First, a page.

California opens the door to reparations for the descendants of enslaved people

California opens the door to reparations for the descendants of enslaved people

Kavon Ward, a campaigner for reparations, in Marina Del Rey, California, on 6 May 2023.

(Noémie Taylor-Rosner)

Kavon Ward is seen as something of a pioneer in California. Three years ago, in 2020, as the United States was being rocked by major anti-racist demonstrations, Ward decided to launch an unprecedented battle in the Golden State to obtain the restitution of land robbed from the descendants of enslaved Africans and African Americans.

“It started shortly after the death of George Floyd,” explains Ward. “At the time, I was involved with a group of anti-racist moms in the South Bay of Los Angeles, where I lived. At some point, the history of Bruce’s Beach came up. It was the first beach on the west coast for African Americans, created in 1912 in the midst of racial segregation, by Charles and Willa Bruce who were descendants of slaves.” The seaside resort became a major success, and in 1924 “the white city council of Manhattan Beach seized Bruce’s Beach by eminent domain to build a park and dispossessed the owners of their property”.

Ward, herself a descendant of enslaved people, was moved by the story, which had largely been forgotten by Californians. She decided to mobilise the community to fight for the beach, mostly frequented by affluent white people, to be returned to the descendants of the Bruces.

After months of work alongside lawyers and campaigners for reparations, Ward and her team won their case: for the first time in the United States, the descendants of enslaved people were able to reclaim property that had been expropriated for ‘public use’, a practice that disproportionately affects African Americans.

A study by the Virginia-based Institute for Justice showed that between 1949 and 1973, the power of eminent domain was used to displace one million Americans living in ‘blighted neighbourhoods,’ two-thirds of them Black.

In 2021, while the Bruce’s Beach case was underway, Ward set up Where Is My Land, an association that helps the descendants of African Americans who have been victims of expropriation. “Currently, we have 40 active cases and we have 700 other cases waiting,” she says.

Kavon Ward’s fight for reparations is emblematic of a new generation of African American activists determined to put an end to the systemic discrimination they suffer in the United States and to close the wealth gap between white and Black Americans, two problems directly linked to the country’s history of slavery.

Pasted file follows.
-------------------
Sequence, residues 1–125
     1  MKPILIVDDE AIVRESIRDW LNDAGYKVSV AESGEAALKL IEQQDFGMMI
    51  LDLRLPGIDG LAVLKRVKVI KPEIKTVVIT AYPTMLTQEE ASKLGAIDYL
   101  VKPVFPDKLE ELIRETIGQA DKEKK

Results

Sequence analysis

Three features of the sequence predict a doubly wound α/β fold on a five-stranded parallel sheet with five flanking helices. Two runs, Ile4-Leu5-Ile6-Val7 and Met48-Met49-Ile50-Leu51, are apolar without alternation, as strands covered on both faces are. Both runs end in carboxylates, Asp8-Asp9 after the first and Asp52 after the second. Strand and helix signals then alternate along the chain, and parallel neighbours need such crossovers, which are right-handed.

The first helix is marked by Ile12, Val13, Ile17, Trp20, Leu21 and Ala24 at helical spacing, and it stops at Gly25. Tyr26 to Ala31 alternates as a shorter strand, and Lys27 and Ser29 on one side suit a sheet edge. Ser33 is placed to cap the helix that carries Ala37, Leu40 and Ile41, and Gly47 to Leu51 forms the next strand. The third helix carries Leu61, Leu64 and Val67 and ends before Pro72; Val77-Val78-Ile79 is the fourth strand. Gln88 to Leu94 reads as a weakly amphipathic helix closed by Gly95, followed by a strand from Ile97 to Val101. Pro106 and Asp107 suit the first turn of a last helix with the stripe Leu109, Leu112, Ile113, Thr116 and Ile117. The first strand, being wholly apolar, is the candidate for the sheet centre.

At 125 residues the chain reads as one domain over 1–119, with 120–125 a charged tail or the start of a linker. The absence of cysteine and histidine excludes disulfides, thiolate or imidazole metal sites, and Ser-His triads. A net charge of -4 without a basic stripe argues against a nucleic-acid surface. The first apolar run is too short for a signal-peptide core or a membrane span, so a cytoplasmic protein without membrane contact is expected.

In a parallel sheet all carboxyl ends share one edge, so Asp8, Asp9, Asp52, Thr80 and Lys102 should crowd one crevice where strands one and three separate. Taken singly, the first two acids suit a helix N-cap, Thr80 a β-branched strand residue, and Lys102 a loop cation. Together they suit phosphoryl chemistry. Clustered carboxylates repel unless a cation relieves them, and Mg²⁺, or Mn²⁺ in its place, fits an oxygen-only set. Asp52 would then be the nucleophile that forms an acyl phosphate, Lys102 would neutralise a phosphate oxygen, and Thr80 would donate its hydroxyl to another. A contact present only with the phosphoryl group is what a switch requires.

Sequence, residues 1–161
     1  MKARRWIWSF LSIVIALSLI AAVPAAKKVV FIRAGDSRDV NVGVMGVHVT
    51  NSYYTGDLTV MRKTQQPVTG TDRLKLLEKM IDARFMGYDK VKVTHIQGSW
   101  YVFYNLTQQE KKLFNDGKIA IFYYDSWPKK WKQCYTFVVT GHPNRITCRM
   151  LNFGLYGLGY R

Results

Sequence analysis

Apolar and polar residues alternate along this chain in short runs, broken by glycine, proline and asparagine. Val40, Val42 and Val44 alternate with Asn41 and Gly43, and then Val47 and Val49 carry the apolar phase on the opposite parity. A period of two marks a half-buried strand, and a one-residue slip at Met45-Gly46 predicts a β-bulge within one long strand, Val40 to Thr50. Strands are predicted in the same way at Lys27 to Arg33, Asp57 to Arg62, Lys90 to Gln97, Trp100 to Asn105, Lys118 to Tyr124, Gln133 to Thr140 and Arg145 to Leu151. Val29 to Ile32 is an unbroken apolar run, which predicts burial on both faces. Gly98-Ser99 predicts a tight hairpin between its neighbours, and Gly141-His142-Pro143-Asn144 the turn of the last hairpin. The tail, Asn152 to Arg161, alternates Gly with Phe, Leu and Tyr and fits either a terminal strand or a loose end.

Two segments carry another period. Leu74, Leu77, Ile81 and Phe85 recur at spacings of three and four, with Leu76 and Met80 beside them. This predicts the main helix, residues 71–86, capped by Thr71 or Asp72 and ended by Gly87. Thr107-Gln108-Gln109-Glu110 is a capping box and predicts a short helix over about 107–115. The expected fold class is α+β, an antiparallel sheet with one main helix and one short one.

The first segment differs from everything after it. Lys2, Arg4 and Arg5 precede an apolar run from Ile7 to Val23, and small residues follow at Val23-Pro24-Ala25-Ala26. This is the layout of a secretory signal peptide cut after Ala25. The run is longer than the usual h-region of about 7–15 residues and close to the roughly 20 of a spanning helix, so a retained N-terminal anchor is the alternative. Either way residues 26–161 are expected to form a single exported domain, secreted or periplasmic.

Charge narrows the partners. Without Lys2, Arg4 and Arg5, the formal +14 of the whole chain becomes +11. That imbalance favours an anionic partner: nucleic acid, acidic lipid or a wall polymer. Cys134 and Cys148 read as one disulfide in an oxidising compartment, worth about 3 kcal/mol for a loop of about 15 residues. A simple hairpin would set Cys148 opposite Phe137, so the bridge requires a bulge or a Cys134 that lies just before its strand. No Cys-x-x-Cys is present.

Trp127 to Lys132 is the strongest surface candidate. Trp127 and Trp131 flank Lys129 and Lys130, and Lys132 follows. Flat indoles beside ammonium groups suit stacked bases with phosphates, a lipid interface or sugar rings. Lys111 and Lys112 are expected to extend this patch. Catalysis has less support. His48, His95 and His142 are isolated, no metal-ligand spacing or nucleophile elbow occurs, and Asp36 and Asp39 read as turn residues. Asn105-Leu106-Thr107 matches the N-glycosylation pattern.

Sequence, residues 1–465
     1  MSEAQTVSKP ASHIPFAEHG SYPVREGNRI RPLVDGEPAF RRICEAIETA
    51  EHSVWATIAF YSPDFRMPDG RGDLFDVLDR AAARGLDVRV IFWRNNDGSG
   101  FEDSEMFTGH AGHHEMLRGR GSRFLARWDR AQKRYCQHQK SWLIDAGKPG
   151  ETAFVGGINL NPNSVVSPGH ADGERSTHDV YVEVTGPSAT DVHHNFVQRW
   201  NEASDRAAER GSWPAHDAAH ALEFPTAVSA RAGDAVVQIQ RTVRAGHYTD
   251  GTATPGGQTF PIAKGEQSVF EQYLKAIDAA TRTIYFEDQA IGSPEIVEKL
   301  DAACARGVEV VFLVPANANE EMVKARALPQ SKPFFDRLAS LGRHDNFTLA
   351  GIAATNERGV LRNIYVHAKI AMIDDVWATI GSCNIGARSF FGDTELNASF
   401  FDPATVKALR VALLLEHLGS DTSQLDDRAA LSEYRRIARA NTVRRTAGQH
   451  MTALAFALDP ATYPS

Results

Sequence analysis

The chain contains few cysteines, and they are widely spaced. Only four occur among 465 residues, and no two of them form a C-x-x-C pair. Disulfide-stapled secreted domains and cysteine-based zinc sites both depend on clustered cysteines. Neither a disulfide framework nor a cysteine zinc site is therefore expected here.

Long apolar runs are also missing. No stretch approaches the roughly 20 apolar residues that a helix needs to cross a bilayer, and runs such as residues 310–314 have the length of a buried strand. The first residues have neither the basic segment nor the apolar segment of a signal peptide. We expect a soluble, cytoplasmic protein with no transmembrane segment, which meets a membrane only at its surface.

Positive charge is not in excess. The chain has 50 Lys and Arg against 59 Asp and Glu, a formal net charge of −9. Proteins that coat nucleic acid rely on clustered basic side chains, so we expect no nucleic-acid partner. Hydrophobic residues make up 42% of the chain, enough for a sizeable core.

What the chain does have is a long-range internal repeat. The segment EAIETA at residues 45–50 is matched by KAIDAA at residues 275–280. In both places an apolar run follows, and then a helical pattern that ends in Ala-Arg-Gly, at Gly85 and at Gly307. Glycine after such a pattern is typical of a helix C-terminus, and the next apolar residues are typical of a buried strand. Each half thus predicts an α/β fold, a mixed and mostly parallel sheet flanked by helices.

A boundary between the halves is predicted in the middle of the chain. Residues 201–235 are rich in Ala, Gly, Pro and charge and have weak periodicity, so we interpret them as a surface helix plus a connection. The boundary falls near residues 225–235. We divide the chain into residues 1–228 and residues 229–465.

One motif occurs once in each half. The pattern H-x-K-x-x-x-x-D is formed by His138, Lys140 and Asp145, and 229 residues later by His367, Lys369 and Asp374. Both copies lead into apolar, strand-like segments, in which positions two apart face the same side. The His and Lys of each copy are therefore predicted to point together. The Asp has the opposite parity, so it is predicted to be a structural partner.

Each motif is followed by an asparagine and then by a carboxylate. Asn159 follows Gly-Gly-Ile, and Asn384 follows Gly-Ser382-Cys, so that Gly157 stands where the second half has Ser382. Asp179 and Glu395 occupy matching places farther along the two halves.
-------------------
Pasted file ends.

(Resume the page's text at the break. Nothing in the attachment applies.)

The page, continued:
“Mobilisation around the issue of reparations emerged in 2017,” at the end of Barack Obama’s eight-year presidency, notes Chad Brown, spokesperson for the National Assembly of American Slavery Descendants (NAASD), an organisation born in 2019 that brings together descendants of enslaved people campaigning for reparations.

“Many of us had been disappointed and frustrated from the Obama years: lots of nice words, but little concrete action on the ground. We wanted something to finally change. And for that, it became very clear to us that the answer was to start a process of reparations,” explains Brown. “This is our chance to rebuild and replenish the economic heritage that was taken away from us all these years: the entire country built wealth on the backs of slaves, generations of Americans took advantage of this and were able to build generational wealth through inheritance. This was not our case: despite the emancipation of slaves, discrimination continued to persist against African Americans, which locked us in poverty.”

Public apologies and financial compensation

Two years later, the efforts of Chad Brown and several other figures in the reparations movement led to the creation of the country’s first statewide reparations task force. The group was tasked with formulating a series of proposals aimed at compensating Californians descended from enslaved Africans and African Americans and repairing the harm caused by slavery.

The nine experts, who are due to submit their report to California’s elected representatives around 1 July, already voted on a series of measures on 6 May: they approved a detailed report highlighting the discrimination that Black Californians have continued to suffer for decades in the areas of housing, education, police violence and incarceration.

In the panel’s opinion, reparations should include “the payment of cash or its equivalent” for eligible residents. To this end, it proposed the adoption of a model for calculating the amounts of such compensation based on the opinions of economists consulted by the task force.